Léonie Sonning Awards 1999

Sofia Gubaidulina

1999_sofia _gobaidulina

The composer Sofia Gubaidulina received the Léonie Sonning Music Prize of DKK 300,000 at a concert held at 8pm on Thursday, 6 May 1999 in Radiohusets Koncertsal. 

The music prize was presented by the head of music at Danmarks Radio, Steen Frederiksen, who said:

“Your music can seem like an island one would happily flee to in an age that is becoming increasingly flickering, increasingly superficial – an age that lacks the calmness and contemplation, intensity and exploration found in your music. But when one is there on the island, one quickly discovers that it isn’t an island at all but a continent. For your music has roots that go down deeper – and the mental journeys on which you take us are so long and significant as those only found with the greatest composers. People talk a lot about those who have been your models, but nearly always only in an attempt to find points of orientation in a music that at one and the same time is so personal and so unpredictable.”

You can listen to the speeches here:

The programme

Sofia Gubaidulina Der Sonnengesang des heiligen Franz von Assisifor cello, percussion and chamber choir (1997)
Dmitri Shostakovich Symphony no. 10

Soloists:

David Geringas, cello
Gert Sørensen, percussion
Tom Nybye, percussion

The Danish National Symphony Orchestra
Danish National Radio Chamber Choir
Conductors: Alexander Lazarev and Stefan Parkman

Motivation

The Léonie Sonning Music Prize for 1999 is awarded to Sofia Gubaidulina for her always consistent and clear music, with an underlying deep intensity and always with a human message – a music that unites traditions and innovation, and that via meditation, joy in colour, mysticism and expressiveness creates a symbiosis between the cultures of the East and West – a symbiosis that takes European music one step further. Sofia Gubaidulina’s musical expression is highly personal and at the same time so international that it speaks to people all over the world. Her music is among the most significant being composed at the present time.

Sofia Gubaidulina in Denmark

Sofia Gubaidulina’s music was played, sung and well-known in Denmark before she was awarded the Sonning Music Prize. In 1990 Christina Åstrand had her breakthrough as a soloist when, at very short notice, she agreed to play Sofia Gubaidulina’s Offertorium at a festival week concert with Aarhus Symphony Orchestra. That same year, the association Women in Music performed her music at Louisiana Museum of Modern Art. And in 1994 Sofia Gubaidulina was the top name at the Lerchenborg Music Days.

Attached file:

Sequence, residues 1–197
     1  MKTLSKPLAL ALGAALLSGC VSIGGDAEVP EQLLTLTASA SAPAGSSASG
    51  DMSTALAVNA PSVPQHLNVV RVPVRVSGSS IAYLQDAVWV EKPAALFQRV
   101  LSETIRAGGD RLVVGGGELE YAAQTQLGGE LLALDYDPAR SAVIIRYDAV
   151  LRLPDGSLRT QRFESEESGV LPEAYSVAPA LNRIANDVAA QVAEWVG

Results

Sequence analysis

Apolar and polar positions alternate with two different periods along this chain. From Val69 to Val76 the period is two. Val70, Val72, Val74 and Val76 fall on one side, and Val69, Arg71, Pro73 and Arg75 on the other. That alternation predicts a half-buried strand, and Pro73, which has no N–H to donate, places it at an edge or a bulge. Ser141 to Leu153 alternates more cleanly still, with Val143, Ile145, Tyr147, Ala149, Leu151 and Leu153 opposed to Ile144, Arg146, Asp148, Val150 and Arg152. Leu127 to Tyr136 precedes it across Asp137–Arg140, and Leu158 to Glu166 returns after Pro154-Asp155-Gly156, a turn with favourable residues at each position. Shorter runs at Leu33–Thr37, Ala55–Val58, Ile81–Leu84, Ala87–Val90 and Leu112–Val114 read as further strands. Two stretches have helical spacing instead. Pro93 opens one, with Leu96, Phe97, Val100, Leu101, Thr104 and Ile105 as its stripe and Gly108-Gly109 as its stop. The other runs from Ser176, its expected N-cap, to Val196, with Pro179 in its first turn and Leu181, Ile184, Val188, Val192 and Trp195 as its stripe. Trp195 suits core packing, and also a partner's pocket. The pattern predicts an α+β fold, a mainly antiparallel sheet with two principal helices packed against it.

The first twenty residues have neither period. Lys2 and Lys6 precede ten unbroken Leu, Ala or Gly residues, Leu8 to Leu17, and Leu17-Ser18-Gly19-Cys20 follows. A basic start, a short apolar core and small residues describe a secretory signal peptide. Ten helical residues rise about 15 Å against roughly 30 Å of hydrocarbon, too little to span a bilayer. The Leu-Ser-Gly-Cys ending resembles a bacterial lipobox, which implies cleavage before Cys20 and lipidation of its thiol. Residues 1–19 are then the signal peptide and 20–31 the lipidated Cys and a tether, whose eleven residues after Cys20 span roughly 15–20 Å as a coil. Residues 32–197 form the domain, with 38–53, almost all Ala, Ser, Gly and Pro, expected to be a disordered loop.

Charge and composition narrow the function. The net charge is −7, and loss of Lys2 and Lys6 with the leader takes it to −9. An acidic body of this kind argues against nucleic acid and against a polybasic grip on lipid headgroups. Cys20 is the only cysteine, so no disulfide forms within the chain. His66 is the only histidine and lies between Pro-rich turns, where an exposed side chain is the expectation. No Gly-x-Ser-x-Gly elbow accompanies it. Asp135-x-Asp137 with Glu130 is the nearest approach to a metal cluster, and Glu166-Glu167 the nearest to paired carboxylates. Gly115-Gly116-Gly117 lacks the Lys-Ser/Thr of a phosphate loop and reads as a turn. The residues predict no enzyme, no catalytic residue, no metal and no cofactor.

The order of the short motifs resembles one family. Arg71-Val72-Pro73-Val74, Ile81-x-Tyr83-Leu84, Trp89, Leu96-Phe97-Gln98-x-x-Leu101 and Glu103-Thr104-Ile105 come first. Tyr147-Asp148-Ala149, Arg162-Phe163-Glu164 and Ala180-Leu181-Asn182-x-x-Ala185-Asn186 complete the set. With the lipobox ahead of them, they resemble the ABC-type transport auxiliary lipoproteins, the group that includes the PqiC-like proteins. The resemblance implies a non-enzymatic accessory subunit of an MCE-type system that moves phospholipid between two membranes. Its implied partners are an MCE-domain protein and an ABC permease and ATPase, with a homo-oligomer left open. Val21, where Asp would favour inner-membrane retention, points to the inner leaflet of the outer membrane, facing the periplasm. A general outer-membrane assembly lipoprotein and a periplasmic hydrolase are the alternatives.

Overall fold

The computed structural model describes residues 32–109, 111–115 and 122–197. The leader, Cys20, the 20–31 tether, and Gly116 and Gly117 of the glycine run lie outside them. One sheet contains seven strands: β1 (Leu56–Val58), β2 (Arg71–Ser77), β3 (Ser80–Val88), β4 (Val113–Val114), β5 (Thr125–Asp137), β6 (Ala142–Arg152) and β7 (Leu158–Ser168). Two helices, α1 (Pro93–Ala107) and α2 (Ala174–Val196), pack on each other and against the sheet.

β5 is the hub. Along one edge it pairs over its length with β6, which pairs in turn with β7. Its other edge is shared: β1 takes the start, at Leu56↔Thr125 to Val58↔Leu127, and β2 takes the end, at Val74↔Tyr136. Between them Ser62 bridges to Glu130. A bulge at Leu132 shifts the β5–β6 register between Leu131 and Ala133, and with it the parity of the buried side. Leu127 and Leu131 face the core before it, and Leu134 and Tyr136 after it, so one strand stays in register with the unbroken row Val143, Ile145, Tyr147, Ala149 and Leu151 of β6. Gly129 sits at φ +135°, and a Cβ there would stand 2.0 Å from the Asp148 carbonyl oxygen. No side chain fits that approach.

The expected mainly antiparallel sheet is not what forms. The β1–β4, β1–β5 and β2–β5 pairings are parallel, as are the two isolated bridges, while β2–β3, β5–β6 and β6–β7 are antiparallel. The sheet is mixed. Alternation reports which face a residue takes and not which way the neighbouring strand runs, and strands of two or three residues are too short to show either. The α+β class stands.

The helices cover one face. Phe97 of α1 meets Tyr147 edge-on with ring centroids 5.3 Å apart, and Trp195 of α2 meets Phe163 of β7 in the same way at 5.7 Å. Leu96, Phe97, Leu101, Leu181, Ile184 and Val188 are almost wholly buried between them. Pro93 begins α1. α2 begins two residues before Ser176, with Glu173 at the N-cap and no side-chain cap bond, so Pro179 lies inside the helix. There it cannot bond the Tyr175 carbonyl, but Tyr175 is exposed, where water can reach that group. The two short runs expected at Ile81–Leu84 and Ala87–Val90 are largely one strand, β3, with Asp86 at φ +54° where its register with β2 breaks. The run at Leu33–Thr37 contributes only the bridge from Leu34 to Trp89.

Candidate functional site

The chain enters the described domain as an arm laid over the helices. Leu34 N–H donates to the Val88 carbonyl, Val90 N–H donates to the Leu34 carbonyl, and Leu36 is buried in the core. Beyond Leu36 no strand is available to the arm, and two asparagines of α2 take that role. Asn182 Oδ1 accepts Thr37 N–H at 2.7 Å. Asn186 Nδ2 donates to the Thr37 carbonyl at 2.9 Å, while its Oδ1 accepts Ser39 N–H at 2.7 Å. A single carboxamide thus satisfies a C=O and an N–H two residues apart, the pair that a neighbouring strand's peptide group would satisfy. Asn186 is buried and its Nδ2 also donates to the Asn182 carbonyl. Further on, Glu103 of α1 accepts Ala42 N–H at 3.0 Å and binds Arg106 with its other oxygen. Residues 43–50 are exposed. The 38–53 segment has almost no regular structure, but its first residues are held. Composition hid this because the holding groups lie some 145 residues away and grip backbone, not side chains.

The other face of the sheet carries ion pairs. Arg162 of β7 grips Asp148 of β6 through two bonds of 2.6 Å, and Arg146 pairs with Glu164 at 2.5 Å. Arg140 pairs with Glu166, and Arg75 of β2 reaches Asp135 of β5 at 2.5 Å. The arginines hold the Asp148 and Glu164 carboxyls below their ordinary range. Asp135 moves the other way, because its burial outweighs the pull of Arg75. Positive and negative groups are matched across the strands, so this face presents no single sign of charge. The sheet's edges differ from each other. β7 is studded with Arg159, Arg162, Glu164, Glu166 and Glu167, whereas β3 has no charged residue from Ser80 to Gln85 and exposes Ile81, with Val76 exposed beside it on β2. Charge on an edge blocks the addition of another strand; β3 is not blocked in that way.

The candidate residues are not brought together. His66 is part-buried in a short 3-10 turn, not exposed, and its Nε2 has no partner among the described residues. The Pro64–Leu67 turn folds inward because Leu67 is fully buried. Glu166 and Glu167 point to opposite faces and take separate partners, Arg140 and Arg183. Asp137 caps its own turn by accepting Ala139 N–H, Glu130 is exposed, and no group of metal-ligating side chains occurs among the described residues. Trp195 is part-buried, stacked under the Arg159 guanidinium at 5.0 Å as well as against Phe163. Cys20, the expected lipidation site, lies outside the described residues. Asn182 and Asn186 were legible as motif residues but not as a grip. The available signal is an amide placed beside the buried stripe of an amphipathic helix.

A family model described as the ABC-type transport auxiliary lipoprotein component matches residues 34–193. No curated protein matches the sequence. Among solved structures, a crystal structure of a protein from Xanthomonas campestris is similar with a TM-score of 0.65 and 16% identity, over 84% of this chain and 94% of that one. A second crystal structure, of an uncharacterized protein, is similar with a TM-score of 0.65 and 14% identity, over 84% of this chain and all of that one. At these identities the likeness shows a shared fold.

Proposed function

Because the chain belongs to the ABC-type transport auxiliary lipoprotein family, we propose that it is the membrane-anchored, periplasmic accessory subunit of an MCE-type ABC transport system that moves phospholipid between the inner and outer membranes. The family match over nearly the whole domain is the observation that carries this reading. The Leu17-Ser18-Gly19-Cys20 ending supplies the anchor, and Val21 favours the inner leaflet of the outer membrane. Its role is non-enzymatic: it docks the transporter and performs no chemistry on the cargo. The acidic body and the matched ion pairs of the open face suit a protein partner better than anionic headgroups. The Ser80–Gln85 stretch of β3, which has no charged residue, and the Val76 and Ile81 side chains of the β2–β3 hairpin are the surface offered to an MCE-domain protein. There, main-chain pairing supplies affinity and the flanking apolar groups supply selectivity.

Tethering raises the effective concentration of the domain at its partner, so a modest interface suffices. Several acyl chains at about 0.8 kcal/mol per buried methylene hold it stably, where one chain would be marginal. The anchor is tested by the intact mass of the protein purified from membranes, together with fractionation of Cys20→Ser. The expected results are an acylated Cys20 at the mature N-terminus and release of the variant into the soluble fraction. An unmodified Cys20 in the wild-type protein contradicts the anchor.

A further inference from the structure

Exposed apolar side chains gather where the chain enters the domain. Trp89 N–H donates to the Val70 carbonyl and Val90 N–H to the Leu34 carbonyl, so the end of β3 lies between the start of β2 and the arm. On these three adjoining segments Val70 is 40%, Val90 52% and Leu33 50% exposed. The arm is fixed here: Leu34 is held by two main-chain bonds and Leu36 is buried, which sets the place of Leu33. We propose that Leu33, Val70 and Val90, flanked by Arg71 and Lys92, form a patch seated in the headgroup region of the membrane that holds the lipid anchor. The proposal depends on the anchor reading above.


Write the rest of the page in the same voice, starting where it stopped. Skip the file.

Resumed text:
The day before the prize-giving concert a meeting had been arranged with Danish composer colleagues – a small panel that discussed with Gubaidulina in front of an audience of composers and musicians. The event began with a group of students that included Mads Johansen, Martin and Marie Boelsgård playing Gubaidulina’s Garten von Freuden. After this, the round-table discussion began – along with Sofia Gubaidulina were Per Nørgård, Edina Hadziselimovic (a fourth-year student) and Lars Bisgaard, who knew a great deal about East European music and Gubaidulina’s music in particular. After the composer discussion, Jeanette Balland and Peter Navarro played Alonso Gubaidulina’s Duo Sonata for two baritone saxophones.

The great interest in Gubaidulina was also reflected in the 47-minute-long Danish documentary film Essential Time, the full Danish title being Den væsentlige tid – om komponisten Sofia Gubaidulinas kunstneriske univers. The film-producer Lone Alstrup had made the film, with co-funding from the Léonie Sonning Music Foundation.

Selected Music by Sofia Gubaidulina

The daily press

wrote, among other things:

"Gubaidulina is a wizard with the instruments, with cello, percussion and choir voices fuses into new, surprising and enchanting sounds."

(Thomas Michelsen, Information, 8 May 1999)

"In the lead-up to the prize-giving ceremony there has been a veritable Gubaidulina fever in Danish musical life. And the meeting with her has also given the impression of a highly gifted, live person [...]

With the famous solo song of Francis of Assisi [...] the music moved from solemn praise via a climax of turbulent and sonorous sound to a conclusion in the deepest humility. A musical shift of consciousness from the elevated to the powerless and forgiving. On the one hand, traditional, with the introductory bass song reminiscent of orthodox church singing; on the other hand, completely innovative with an instrumental clarity and experimental aspect reminiscent of the American Georg Crumb. As when the cellist exceeds the boundaries of his instrument and has to resort to percussion, or when the percussionist in the final, loud, vibrating phase produces the overtone-rich sound of a crystal glass that is stroked round its rim [...]"

(Eva Hvidt, Kristeligt Dagblad, 11 May 1999)